• Sophisticated network monitors Savannah River estuary

    SAVANNAH, Ga. – Ensuring healthy water quality is an essential part of environmental monitoring for the Savannah Harbor Expansion Project (SHEP). The U.S. Army Corps of Engineers is partnering with the U.S. Geological Survey (USGS) to monitor water quality in the estuary using a sophisticated network of continuous monitoring stations.
  • Castle Toastmasters club opens its doors to new members

    SAVANNAH, Ga. – In bold letters, a placemat with the verb “Immix,” meaning to mix in or mingle, is placed on every table at the Castle Toastmaster’s open house held Oct. 2.
  • FEST-A gears up for future deployment, seeks new talent

    SAVANNAH, Ga. – Afghanistan’s mountainous terrain spread itself out before Piper Bazemore, recently strapped into a MH-60 Blackhawk helicopter as part of an engineering mission in the region.
  • September

    Experts gather water quality data before beginning harbor deepening

    SAVANNAH, Ga. -- Scientists and technicians recently completed intensive water quality monitoring in the Savannah harbor and estuary in preparation for the upcoming deepening of the harbor and shipping channel.
  • Corps partners with Clemson University to monitor marshes for harbor deepening

    SAVANNAH, Ga. – Thanks to a partnership with Clemson University and the U.S. Army Corps of Engineers, scientists are collecting valuable data in the Savannah River estuary for the Savannah Harbor Expansion Project (SHEP).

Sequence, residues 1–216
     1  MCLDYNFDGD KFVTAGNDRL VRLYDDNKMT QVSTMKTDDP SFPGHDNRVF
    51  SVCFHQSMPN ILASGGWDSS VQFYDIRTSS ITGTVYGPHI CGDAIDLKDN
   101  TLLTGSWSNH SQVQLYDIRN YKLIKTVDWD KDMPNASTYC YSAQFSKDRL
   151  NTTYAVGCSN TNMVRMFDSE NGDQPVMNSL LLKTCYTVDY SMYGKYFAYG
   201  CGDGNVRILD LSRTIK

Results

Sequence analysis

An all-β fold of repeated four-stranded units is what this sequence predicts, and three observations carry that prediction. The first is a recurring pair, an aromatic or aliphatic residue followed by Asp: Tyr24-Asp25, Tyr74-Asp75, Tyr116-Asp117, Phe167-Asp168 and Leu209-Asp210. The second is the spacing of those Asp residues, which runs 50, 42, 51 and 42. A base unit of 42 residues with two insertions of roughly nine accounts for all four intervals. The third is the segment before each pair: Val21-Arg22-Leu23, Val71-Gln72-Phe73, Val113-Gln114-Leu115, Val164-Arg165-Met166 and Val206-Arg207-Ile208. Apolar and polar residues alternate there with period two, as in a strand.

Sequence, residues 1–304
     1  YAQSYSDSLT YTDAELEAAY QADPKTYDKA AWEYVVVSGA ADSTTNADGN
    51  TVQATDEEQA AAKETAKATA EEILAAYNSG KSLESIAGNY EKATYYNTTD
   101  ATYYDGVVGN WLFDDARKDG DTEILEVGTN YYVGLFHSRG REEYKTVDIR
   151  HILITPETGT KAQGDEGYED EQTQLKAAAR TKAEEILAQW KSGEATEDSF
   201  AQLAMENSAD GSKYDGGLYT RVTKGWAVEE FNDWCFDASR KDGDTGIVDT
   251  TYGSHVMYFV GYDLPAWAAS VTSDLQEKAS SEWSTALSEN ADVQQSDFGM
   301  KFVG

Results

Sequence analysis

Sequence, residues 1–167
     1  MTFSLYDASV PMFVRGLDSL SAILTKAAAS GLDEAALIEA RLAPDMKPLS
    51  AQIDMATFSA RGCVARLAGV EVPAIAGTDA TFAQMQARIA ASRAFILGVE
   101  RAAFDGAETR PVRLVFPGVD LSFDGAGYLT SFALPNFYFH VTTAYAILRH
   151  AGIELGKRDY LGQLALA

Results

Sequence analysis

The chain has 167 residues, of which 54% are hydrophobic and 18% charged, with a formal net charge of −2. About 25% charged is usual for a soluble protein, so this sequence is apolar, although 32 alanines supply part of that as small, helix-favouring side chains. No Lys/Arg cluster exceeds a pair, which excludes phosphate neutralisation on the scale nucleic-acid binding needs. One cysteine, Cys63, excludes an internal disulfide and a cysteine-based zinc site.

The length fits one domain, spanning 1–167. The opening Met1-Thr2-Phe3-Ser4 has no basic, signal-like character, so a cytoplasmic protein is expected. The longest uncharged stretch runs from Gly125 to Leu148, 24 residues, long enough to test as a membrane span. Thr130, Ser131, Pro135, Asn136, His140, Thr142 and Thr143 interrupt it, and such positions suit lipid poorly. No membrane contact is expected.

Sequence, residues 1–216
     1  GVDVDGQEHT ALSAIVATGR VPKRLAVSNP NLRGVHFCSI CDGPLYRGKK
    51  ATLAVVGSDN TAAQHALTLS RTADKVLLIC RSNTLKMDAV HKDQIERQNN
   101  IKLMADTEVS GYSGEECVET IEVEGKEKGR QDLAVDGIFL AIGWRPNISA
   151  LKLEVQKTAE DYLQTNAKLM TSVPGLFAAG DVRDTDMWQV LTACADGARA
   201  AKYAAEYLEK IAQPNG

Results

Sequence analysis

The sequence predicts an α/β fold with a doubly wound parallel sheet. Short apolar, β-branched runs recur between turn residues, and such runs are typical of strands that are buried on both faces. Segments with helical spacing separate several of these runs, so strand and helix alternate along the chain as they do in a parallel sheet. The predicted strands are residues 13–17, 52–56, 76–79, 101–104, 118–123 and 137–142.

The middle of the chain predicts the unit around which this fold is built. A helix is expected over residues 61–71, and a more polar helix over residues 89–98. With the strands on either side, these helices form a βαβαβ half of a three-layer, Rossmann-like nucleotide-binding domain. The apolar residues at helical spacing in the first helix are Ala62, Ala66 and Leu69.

• August

    Savannah Corps lab a worldwide leader in materials testing

    MARIETTA, Ga. – On the outside, it's a modest brick building in an office park; but on the inside, the technical experts and specialized equipment make this place a global leader in materials testing.
  • Corps, South Carolina biologists track sturgeon in Savannah River

    Thanks to a partnership between the U.S. Army Corps of Engineers and the South Carolina Department of Natural Resources (SC DNR), researchers are safely catching sturgeon, inserting sonic transmitters inside them, and releasing them back into the river.
  • July

    Environmental monitoring underway for Savannah harbor deepening